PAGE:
power

V belts are smooth, made of fabric

o

Less efficient than flat

o

Can be used together for multiple drive
-

more compact

Timing belts have teeth

o

Cannot slip

o

No speed problems

o

High torque

All must have initial tension, or will slip (except timing)

o

Belt
weight

o

Spring

o

Weighted pulley in belt return path

Flat metal belts

o

Has minimum pulley diameter to avoid breaking

o

Diameter of pulley over belt thickness related to lifetime

Roller chains are like timing belts

o

Want to minimize angle made when going around pu
lley

o

At least 1/3 teeth should be in contact

o

Do not provide constant angular speed
-

angle of component leaving wheel is not
always horizontal

o

High strength

o

High maintenance

o

60
-
80%

Wire rope

o

Regular lay
-

Strands and rope twisted in opposit
e directions

o

Lang lay

same direction, better for abrasion

o

Because of wrapping, elasticity of the rope is much higher than single wire

Pulley efficiencies can easily be around 95%

18

M
otors

Model

o

Torque
2
T rL r
 
  

where τ is shear stress, r is radius, and L is axial length
of motor, so shear stress times area times lever arm

o

Shear stress for dif technologies:

5
-
10 kPa

induction

30
-
40 kPa

high performance perm mag

130
-
140 kPa

large power turbine

o

Power
2
2 2
surf
P T r L rL r A v
       
         

is a product
of torque and rotational velocity w, can be rearranged to give shear stress*rotor
surface area*surface speed, or shear stress*rotor volume*rot speed

Sizing:

Optimal power transfer when impedance of

Should oversize
power rate
-
5 times

account for efficiency

DC motor

synchronous

o

Linear relation from torque to speed

o

No torque max speed

o

No speed max torque

o

Modeled as resistor, inductor and back
emf

in series

o

Brushed motors
-

coils on inside
, permanent magnet on outside

75
-
80% efficient

Low

cost, simple speed control

o

Brushless are vice versa

85
-
95% efficient

Highest performance, long lifespan, low maintenance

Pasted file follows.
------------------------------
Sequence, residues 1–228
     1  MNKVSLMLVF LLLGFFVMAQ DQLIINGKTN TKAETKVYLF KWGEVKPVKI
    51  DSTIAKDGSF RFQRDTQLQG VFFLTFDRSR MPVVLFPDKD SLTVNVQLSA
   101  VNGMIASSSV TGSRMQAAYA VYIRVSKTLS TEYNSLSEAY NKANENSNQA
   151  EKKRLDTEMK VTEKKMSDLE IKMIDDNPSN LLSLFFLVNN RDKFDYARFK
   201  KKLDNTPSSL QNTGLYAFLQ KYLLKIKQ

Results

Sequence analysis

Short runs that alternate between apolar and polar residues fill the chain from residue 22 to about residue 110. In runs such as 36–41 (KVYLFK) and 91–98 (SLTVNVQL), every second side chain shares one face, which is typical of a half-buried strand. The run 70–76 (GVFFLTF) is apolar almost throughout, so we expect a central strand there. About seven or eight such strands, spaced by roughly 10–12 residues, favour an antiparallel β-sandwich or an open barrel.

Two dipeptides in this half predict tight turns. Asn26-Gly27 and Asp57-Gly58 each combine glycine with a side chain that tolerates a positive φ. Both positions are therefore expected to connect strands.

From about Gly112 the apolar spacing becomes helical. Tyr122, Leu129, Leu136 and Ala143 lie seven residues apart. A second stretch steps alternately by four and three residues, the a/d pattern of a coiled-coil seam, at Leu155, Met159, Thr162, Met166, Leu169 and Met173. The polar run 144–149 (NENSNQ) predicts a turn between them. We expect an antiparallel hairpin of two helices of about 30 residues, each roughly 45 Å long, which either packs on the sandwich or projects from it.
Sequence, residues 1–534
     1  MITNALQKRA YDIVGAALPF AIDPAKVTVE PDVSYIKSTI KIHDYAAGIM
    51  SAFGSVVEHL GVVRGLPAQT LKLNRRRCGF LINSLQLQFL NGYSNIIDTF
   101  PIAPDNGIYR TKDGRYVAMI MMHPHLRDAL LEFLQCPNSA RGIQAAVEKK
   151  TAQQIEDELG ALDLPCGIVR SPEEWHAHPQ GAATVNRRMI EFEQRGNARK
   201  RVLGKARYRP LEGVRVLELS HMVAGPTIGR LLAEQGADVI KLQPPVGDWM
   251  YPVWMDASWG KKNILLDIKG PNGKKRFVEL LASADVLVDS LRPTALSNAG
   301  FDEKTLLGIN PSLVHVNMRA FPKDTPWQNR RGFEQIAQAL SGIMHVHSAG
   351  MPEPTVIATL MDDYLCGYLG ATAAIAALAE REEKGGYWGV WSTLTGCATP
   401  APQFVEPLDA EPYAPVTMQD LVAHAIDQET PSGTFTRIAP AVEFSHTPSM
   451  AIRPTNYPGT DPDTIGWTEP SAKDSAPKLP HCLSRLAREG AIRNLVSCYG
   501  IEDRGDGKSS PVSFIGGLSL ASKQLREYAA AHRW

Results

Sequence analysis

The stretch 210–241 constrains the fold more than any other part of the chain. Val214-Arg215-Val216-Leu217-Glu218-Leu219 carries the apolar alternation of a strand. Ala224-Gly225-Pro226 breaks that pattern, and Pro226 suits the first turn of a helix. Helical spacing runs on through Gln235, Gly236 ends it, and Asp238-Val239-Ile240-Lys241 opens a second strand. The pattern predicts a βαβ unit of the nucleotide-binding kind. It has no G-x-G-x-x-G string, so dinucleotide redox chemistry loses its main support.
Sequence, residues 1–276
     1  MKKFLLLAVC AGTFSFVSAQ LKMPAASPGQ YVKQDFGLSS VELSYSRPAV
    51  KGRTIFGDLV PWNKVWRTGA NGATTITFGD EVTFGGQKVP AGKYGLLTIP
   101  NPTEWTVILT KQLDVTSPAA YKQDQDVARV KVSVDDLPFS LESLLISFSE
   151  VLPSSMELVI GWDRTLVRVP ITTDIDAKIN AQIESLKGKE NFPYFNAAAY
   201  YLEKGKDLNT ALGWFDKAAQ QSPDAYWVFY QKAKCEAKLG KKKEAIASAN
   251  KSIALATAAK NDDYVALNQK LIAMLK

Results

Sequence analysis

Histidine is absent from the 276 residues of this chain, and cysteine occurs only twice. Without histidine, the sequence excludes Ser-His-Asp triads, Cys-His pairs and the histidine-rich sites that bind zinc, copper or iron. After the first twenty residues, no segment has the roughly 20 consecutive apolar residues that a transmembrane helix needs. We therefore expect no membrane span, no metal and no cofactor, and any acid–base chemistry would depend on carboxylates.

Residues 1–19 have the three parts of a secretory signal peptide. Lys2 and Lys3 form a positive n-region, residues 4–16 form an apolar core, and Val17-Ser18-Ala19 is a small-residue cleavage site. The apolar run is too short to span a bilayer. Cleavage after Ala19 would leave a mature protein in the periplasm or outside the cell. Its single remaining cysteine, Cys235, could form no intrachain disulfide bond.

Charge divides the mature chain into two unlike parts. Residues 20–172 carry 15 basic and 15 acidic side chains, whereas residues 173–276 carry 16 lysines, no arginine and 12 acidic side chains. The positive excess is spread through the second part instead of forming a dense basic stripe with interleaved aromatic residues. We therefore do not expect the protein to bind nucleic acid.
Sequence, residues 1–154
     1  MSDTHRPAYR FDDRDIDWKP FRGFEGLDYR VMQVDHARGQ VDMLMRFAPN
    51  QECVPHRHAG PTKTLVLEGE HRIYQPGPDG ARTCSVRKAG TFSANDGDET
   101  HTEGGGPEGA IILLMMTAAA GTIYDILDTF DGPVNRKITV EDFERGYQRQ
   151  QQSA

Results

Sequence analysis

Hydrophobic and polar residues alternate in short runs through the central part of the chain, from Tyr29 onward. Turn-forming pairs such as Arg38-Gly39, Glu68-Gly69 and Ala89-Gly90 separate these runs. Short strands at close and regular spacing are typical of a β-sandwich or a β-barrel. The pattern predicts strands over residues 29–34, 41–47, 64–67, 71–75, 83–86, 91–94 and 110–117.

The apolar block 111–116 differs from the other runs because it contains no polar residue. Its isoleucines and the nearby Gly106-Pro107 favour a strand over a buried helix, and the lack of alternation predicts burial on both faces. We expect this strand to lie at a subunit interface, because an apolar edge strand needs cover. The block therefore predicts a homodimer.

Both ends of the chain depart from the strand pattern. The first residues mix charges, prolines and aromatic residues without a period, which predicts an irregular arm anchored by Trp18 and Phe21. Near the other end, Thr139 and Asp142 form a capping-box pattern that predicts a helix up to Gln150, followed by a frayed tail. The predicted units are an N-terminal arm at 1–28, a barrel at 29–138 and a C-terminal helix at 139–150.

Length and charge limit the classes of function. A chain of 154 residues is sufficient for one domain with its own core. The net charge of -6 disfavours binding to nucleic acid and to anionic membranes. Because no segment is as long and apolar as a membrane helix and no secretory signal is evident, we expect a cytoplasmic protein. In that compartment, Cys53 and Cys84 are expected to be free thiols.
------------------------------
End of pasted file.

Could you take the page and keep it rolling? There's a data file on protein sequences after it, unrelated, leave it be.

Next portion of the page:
o

Axial pole (current runs radially through disk)

o

Brushes break off, add dust to system

o

Burn out possible failure, or over torque to
gears, shaft/bearing failure, wiring
failures

Induction Motor

o

A
sychronous

Rotating magnetic field in stator

Low cost, high power, not exact speed (changes with torque)

Induces current in center which drives conductor out of field

Slip
(due to magnetic fre
q dif from rotor freq
-

asynchronous)
frequency
determines the amount of torque, for small deviations is proportional

Beyond given slip, torque drops off

o

Synchronous

Brushless DC, but driven with sinusoidal current rather than on/off

Synchronous reluctance

o

Many reluctance / solenoid type torque actuators in series, enable semi continuous
torque

Motor Sizing Chart

Horsepower

Size

Cost

AC 1/100

3.3” dia
=
␳A
=
䅃‱A㔰
=
3.3” dia
=
␴A
=
䅃‱A㈵
=
3.3” dia
=
␵A
=
䅃‱A㄰
=
4.4” dia
=
␸A
=
䅃‱AQ
=
5 5/8”
=
␱㄰
=
䅃‱A2
=
5 5/8”
=
␱㌰
=
䅃‱
=
5 5/8”
=
␱㔰
=
䑃‱
=
Q
-
6” dia x1’
=
␶〰
=

19

o

Hard to start

o

Linear version called sawyer motor

Hysteresis

o

Induction in solid metal core
-

magnetic drag

o

Low torque/inertia ratio

o

No ripple

S
tepper

o

Reluctance with rotation sensor

o

Precision positioning

Type

Applications

AC Induction

Che
a
p, High power,
long life

Rotation Slips from
Frequency

Fans and
Appliances

AC Synchronous

Rotation in
-
sync
with frequency,

Long life

Expensive

Clocks, turntables,
tape drives

DC Stepper

Precision
positioning,

High holding torque

Slow speed,

Requires a
controller

Positioning in
printers and floppy
drives

DC Brushless motor

Long lifespan,

low maintenance,

High efficiency

High initial co
st,

Requires a
controller

Hard drives,

CD/DVD players,

electric vehicles

DC Brushed Motor

Low initial cost,

Simple speed
control

High maintenance,

Low lifespan, Slow
speed

exercisers,

automotive starters

Transmissions

o

power from a motor to an actuator or mechanism

o

optimal transmission ratio most efficiently distributes power to the
motor/drivetrain and the load, which are connected and must accelerate together

o

For a motor to create a rotational velocity
motor
TR
J
J
n

o

For friction or belt drive
motor
Pulley
M
J
r

o

motor
M
J
J

20

Pump
s

Displacement

o

Constant flow machines
-

indep of pressure

Must therefor have safety if
exit blocked

o

Rotary dra
w fluid through motion of piston

Gear
(lobe)
pumps
-

two gears meshed

Screw pumps
-

two scre
w
s with opposing thread, moving in opposite
rotations, parallel to one another
, progressive cavity pump

Moving vane
-

cylinder in housing with
little gap, rotation draws fluid

o

Reciprocating

Expanding cavity on suction side, decreasing cavity on discharge side

Piston (plunger) pulls fluid in one step, pushes it out other valve in second
step

Dynamics waste a bit of energy

D
iaphragm

Peristaltic
-

m
edical type, squeeze tube to push fluid through tube

Hydraulic ram
-

passive uses some fluid from input to hammer small
amount of the fluid up a gravitational gradient
-

siphons energy from flow
and condenses it into small amount. Water hammer effect drives

it up
tube with one
-
way valve.

Dynamic

Displacement Pumps (Piston, Gear)

21

o

Pressure based, can withstand blockages

Lower efficiencies, but less
maintenance

o

Centrifugal pump
-

spings the water out, pressurize

Enters near rotating axis, spins out radia
l